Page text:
I have many passions outside of research. I love to travel and have made it a goal to travel to one new place each year. Perhaps my most memorable trip was my visit to Japan and South Korea. Travelling teaches you so many lessons and helps you gain perspective on your own life. More recently, I have also been dabbling in pottery and have started to enroll in at least one clay course at the Gardiner Museum each term. I have found this very therapeutic and a great way to step away from the chaos at school.
Lab Bootcamp 2019
Wet lab, dry lab, and so much more
In the state-of-the-art laboratory at Ramsay Wright, for the second year in a row, students had the chance to participate in a two-week intensive Lab Bootcamp. In this time, students become familiar with every aspect of #LabLife, from lab techniques to research ethics to transferring lab skills to broader contexts.
This program, initiated by Dr. Dockstader, has the advantage of allowing students to develop their lab skills in a setting that’s not driven by evaluations, encouraging students to go boldly into each activity and make mistakes and, most importantly, learn not just from their instructor but each other as well.
For a glimpse into the Lab Bootcamp experience, take a look below.
Photos by Bernice Datsomor and Zaigham Naqvi
Health in Greece
Professor Maria Papaconstantinou was the co-leader of an International Course Module that took place in Athens, Greece during the February reading week. The focus of the course was the major health concerns in Greece in the context of both the current economic crisis and the ongoing arrival of migrants from war torn countries. Students had the opportunity to learn about the health challenges and the efforts being taken to address them from the perspective of local, national and international organizations. Students met with representatives from organizations including grassroots NGOs, the United Nations International Organization for Migration as well as officials from the Greek Ministry of Health. When they returned, students presented a poster entitled “Understanding the Roles and Perspectives of Various Actors on Health in Athens, Greece” at the Undergraduate Research Forum in March, and produced a YouTube video which can be viewed here:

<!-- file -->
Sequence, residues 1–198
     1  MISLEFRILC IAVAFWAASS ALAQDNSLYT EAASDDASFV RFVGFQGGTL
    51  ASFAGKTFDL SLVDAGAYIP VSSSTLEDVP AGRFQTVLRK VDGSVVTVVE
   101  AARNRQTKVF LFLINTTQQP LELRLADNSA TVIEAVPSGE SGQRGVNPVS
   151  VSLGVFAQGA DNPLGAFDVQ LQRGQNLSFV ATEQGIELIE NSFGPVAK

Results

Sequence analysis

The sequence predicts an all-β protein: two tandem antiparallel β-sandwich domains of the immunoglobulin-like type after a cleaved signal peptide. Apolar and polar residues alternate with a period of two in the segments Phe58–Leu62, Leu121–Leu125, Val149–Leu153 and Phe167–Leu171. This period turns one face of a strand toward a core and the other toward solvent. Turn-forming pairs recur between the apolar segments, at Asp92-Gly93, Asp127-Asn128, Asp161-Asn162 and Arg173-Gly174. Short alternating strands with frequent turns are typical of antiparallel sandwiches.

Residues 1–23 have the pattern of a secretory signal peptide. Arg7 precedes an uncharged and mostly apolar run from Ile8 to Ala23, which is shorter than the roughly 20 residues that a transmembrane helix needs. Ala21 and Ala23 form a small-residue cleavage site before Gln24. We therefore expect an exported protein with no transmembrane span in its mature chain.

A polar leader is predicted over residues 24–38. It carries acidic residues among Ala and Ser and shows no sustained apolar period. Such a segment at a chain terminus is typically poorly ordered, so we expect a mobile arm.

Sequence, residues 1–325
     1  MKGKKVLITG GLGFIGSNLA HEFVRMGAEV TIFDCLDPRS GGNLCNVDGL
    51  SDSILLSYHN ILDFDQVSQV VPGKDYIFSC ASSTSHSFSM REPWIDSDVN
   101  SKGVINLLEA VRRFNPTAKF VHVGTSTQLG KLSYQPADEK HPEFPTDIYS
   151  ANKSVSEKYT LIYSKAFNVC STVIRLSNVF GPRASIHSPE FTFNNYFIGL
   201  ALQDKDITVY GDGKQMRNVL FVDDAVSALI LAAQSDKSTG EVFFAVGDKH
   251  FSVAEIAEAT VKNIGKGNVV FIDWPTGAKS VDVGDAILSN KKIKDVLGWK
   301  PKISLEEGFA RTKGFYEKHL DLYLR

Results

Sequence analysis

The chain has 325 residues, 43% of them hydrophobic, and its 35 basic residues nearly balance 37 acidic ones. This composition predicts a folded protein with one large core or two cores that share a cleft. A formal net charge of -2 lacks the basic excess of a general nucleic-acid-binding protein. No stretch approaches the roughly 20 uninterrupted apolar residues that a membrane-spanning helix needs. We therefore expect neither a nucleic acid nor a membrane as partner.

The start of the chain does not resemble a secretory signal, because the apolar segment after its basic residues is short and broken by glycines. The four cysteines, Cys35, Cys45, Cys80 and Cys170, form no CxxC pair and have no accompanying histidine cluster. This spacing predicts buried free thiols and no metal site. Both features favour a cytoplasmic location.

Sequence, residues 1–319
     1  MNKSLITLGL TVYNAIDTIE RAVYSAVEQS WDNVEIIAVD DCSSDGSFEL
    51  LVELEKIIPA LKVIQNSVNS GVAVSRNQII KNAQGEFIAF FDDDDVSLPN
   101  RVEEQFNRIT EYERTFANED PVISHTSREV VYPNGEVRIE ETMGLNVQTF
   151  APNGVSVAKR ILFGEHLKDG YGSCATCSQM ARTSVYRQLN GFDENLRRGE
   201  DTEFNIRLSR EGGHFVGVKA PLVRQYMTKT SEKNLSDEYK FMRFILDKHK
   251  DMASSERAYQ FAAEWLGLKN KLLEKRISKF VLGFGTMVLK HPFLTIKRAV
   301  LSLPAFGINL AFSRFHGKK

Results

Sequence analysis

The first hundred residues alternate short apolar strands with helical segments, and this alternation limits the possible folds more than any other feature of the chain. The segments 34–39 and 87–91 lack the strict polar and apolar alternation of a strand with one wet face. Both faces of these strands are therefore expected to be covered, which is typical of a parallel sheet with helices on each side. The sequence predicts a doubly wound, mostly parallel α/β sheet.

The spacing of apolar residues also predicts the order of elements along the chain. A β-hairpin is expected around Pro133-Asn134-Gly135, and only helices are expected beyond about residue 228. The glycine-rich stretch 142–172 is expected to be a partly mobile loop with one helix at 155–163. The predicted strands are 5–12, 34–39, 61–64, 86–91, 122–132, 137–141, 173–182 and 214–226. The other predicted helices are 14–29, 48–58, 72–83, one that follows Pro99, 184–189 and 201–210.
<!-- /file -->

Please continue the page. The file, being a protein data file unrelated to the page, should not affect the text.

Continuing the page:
Gordon Cressy Student Leadership Award Winners
About the Gordon Cressy Student Leadership Award
The Gordon Cressy Student Leadership Awards were established in 1994 by the University of Toronto Alumni Association (UTAA) and the Division of University Advancement in order to recognize students who have made outstanding extra-curricular contributions to their college, faculty or school, or to the university as a whole.
In naming the awards after Gordon Cressy,the former vice-president of development and university relations, the UTAA recognized his commitment to higher education and his leadership in fundraising and community service. The qualities of leadership and dedication demonstrated by Mr. Cressy during his six years with the university are also embodied in the efforts of students chosen to receive this award.
For a complete list of Gordon Cressy Leadership Award winners, please see here.
Keep reading to learn more about amazing HMB students and their contributions towards student life
Being a part of the Medical Sciences Student Union (MSSU) has not only been extremely rewarding, but also challenging and demanding given the rigorous course schedules of my program at UofT. Nevertheless, contributing to such a tight-knit student community was one of my most defining moments in undergrad, and learning how to balance various commitments while prioritizing my mental health and academics was an important lesson that I don’t think I would’ve firmly grasped if it weren’t for the inspiring individuals on the MSSU. If I were to give my past-self a piece of advice, it would be to not be too afraid to take risks, trust your gut, and to stay open and vulnerable to changes around you- it’s the only way you will truly mature and become more confident in yourself, and I think my time with the MSSU has definitely proved this to be true time and time again throughout my four years.